What was needed in Korea was the almost tribal loyalty that the psychologist described during World War II. Instead, initially, the Air Force saw pilots seeking glory for themselves at the expense of their peers and the broader mission. This was highlighted by the formation the F-86s flew in during the early years of the Korean War. The planes formed a “fighter wall” that was meant to cover more area while preventing the enemy from getting around the fighter and attacking the aircraft performing air-to-ground missions.
While this is a viable formation today due to radar and sensors, in 1950, when a MiG-15 engaged one of these F-86s the rest of the formation was too far away to stay visual, let alone help. Despite this glaringly obvious flaw, this formation endured because it allowed more pilots the opportunity to “splash” (kill) a MiG. Fueled by a relentless desire to be the best of the best, in a large step backwards the hard-learned lessons of flight discipline and mutual support were supplanted by an obsession with MiG scores and the selfish race to become a famous ace.
Feeding this narcissism was a worldwide pop culture that glamorized the fighter pilot. Long before Top Gun, the 1930s had movies about the saga of the fighter pilot and leading men in the air. In World War II, popular fighter aces were sent on war bond tours. Even top-scoring World War I ace Eddie Rickenbacker got in on the action—he started two national comic strips, one which was made into a mini-series. Fighter pilot comic books would remain popular well into the 1960s.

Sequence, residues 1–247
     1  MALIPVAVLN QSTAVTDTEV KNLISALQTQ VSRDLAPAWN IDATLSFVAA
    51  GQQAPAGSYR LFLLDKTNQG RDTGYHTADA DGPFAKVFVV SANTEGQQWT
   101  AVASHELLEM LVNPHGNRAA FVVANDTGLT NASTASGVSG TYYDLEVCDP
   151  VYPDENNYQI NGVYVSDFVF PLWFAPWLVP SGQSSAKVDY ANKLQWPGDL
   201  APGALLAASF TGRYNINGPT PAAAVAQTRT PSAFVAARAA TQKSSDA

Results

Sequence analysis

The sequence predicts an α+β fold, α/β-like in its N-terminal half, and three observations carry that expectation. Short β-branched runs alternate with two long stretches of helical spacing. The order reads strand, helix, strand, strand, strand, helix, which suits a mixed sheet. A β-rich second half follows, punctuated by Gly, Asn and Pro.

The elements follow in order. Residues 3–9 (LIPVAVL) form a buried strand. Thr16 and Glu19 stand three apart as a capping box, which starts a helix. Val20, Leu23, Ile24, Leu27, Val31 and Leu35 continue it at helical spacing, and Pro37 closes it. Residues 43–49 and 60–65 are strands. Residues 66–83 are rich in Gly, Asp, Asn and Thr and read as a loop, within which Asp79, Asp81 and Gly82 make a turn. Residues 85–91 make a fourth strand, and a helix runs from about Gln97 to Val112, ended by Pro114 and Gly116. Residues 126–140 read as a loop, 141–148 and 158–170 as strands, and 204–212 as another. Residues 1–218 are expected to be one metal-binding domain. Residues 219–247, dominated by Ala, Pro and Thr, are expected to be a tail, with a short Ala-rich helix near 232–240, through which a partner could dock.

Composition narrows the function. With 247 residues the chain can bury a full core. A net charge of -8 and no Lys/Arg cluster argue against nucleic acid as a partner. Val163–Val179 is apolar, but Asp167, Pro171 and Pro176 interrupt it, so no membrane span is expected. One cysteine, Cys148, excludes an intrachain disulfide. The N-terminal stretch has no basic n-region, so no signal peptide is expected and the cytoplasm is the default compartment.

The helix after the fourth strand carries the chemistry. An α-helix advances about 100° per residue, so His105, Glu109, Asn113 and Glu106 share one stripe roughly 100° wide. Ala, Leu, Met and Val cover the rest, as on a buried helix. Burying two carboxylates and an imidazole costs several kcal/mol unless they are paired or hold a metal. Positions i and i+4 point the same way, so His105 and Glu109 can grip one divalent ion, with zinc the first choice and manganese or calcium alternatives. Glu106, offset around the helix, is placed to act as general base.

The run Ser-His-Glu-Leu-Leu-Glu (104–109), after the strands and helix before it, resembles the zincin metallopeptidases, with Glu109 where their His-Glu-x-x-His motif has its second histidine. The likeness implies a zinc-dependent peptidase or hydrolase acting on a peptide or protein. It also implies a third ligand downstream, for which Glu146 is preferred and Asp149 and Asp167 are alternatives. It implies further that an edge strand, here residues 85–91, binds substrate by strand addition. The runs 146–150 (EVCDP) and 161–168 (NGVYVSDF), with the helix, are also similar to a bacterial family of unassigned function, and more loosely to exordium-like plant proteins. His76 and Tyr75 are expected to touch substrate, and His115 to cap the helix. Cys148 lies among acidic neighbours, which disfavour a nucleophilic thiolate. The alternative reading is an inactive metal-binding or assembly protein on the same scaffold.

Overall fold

This selfishness led to clouded judgment and a breakdown of discipline. Hoping to have more time to find and kill a MiG, F-86 pilots became accustomed to flying past their “bingo fuel” (the minimum fuel needed to safely make it home). To get home, they would climb to altitude, shut the engine off to glide back to base, and then restart the engine once close to the field for landing. When the engine failed to restart, pilots performing dead-stick landings were celebrated, rather than reprimanded for their dangerous behavior.
Flagrant violations of the rules of engagement were quietly endorsed all the way up the chain of command and only one person was ever punished—in 1953, a few months before the armistice was signed. A scapegoat, this fighter pilot happened to have the fastest scoring streak for a jet pilot in Air Force history. The violating practices continued. Numerous blue-on-blue incidents happened, all of which were covered up at the time. These included a wing commander attacking a formation of F-86s, and even a famous ace who shot down his own squadron-mate.
This troublesome state of affairs was turned around thanks in large part to Fredrick “Boots” Blesse, a lowly major who had already completed a tour in Korea flying the F-51 and F-80. He returned for an F-86 assignment, where he would achieve fame back home for becoming an ace—and a legend in theater for reinvigorating flight leadership, discipline, and mutual support.